Welcome to Day 2 of the inaugural SBS Short Film Festival – the cutting-edge film festival you can watch from your couch. Four scripted and 10 non-scripted short-form productions dropping exclusively at SBS On Demand over three days, celebrate diversity and the short film form.
Featuring Australian creatives from communities that are underrepresented on our screens, the opening night includes Out of Range, starring Australian actor and TV Week Logie nominee Aaron Pedersen.
A partnership between SBS and five Australian screen agencies – Film Victoria, Screen Queensland, Screenwest, South Australian Film Corporation and Screen Tasmania – brings these short films to audiences. It’s a festival that’s truly national in scope.
Running from 13–15 September, here’s what you can expect on Day 2: Saturday 14 September.
Molly & Cara
Written and directed by Miley Tunnecliffe
Forced together thanks to a government scheme paring off pensioners and students in affordable housing, Aboriginal uni student Cara (Rarriwuy Hick) and elderly crank Molly (Lynette Curran) are the odd couple cranked up to 11. But with nowhere else to go, they somehow need to find a way to get past their differences and make their living arrangements work.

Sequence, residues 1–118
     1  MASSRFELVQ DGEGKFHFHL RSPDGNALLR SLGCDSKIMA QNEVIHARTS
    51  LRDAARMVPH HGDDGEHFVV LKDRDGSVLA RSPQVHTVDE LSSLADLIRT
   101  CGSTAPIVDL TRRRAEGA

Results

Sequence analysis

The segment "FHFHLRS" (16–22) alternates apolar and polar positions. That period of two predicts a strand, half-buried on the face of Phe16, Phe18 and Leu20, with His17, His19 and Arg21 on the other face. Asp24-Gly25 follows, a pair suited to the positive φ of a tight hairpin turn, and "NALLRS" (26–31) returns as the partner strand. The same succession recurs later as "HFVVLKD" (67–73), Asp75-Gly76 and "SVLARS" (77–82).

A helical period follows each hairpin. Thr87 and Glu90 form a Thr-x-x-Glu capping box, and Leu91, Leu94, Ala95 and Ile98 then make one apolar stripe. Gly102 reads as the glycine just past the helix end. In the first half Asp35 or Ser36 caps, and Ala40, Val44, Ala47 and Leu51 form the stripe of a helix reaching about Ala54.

By Nicole Miller and Paul Vagnarelli
A first-hand look at the life of Paul and his daily experiences as someone who is profoundly deaf. Social interactions, the joys and challenges of communication, everything that makes up his life as he lives it – Deafinition shows it all with humour, heart and honesty.
Monsters of Many Worlds
By director and co-writer Madeleine Dyer and co-writer and producer Daniel Mulvihill
Three women each tell their own scary story of monsters from their own cultures. While their backgrounds may be diverse, it turns out their stories (told with a mixture of live action and animation) have more in common than you might think.
Directed by Eliya Cohen. Produced by Eliya Cohen, Paul Moran, Mark Thompson, and Alicia Rackett
Best mates and Hobart residents Shaun and Zac have finally achieved their dream of setting up their own cricket team. There’s still plenty of struggles ahead; just getting enough players to field a full team is a challenge and costs are always a worry. But when they turn to the local migrant community, they forge new friendships.
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